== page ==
A Day (or Two) in the (Digital) Life

Stretched to the limit in the digital realm

With each passing week, life becomes more and more of a blur. Technology marches on at almost a sprinter’s pace. I seem to be keeping up for now. Ironically, the only time I slow down to smell the roses is to read (or listen to) books with (futurist) topics about breakneck speed of modern life and where we’re headed as a race (race-sic!). While I’m at it, a few recommendations:
  1. The Long Emergency by James Howard Kunstler - Oil’s on the way out sooner than you think: get a good bike.
  2. The Long Tail by Chris Anderson - Hyperselection (too much choice) leads to fragmentation of common cultural ground and the end of “water cooler talk” (Paris Hilton’s exploits, Iraq, Seinfeld, Friends, American Idol). Opponents of the multiculturalist view argued against non-Anglo views of history on similar grounds.
  3. The World is Flat by Thomas L. Friedman - Your Dell tech support guy named “Vince” in Bangalore is just the tip of the iceberg.
  4. The Singularity is Near by Ray Kurzweil - An optimistic prognosis of our future by a revered futurist that looks much rosier than the Matrix or the Terminator would have us believe. Onward, homosapiens!
  5. Rebuilt by Michael Chorost - A warm, witty work by a man whom the future may see as one of the earliest cyborgs. Five stars on Amazon!
  6. Radical Evolution by Joel Garreau - The future of the human race, broken down into four possible scenarios vis a vis technology, all thought-provoking.
Hey, look at that! I’ve actually found time to read!Back to the topic at hand. As today is Friday, let’s start today... FRIDAY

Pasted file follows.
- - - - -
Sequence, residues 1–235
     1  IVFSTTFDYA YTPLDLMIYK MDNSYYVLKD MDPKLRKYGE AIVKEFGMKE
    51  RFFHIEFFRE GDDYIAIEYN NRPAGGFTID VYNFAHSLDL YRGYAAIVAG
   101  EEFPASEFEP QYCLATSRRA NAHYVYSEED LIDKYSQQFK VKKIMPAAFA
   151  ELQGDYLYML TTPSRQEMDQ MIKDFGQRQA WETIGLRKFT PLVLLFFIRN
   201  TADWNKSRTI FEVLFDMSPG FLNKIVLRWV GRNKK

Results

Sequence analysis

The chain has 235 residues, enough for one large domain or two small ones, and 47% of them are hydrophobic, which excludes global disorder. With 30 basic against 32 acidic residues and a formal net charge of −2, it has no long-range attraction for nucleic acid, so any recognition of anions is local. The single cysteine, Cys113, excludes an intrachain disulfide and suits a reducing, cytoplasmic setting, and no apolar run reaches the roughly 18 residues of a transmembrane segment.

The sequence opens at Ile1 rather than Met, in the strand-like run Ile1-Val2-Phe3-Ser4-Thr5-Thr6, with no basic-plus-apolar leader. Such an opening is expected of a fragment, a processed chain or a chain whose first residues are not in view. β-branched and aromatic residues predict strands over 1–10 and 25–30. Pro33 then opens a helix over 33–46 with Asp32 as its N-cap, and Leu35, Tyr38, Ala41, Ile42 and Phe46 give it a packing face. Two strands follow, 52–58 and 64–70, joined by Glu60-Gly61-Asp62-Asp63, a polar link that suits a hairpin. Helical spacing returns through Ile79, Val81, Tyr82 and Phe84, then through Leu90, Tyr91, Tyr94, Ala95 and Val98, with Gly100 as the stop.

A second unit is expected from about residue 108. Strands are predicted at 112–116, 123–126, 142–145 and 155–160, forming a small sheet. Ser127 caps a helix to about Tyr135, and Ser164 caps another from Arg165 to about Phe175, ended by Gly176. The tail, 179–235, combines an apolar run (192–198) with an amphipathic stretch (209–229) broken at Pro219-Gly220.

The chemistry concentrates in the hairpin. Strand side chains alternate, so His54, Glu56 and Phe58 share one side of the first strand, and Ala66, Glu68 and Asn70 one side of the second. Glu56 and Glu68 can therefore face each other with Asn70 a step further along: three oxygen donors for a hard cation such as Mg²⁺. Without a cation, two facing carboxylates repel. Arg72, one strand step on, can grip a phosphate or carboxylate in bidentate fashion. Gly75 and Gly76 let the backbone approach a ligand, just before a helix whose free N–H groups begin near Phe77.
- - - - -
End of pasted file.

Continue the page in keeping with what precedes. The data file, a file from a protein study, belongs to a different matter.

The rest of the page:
1. Wake up at 7 AM, let the dogs out/feed them, fire up desktop (if not already left on overnight to virus scan, run SETI, or render some complex 3d animation or After Effects composition)
  2. Check email (delete spam & respond selectively), check Engadget website for latest tech and gadgets, check MSN for any major developments overnight (in the Middle East)
  3. Shower if needed (I recommend the tried and true “scratch and sniff the genitals” test. Not to be confused with the “sniff the crotch” test associated with the eligibility of pants or shorts for the washer.)
  4. Eat breakfast, dress, check email again, kiss fiancé goodbye
  5. Listen to BBC World Service on Sirius on AM commute
  6. Upon arrival at work, check (work) email, then personal email, check aforementioned websites
  7. Work (in front of a terminal where I work with AV/graphics apps all day) interspersed with email checks, website scans (including my virtual homes on YouTube, Blogger, Amazon, my eBay auctions/Craig’s List postings, and financial accounts just to name a few), listening to Internet radio or audio books, perusing/shopping iTunes (when my ears aren’t needed for work), and multiple cups of nasty (but free) coffee
  8. Listen to BBC via satellite (or audio book via connected iPod Nano) again on PM commute (LISTEN, LISTEN, LISTEN. Yes, I am losing my hearing at an alarming rate. I am COUNTING on Moore’s Law here…)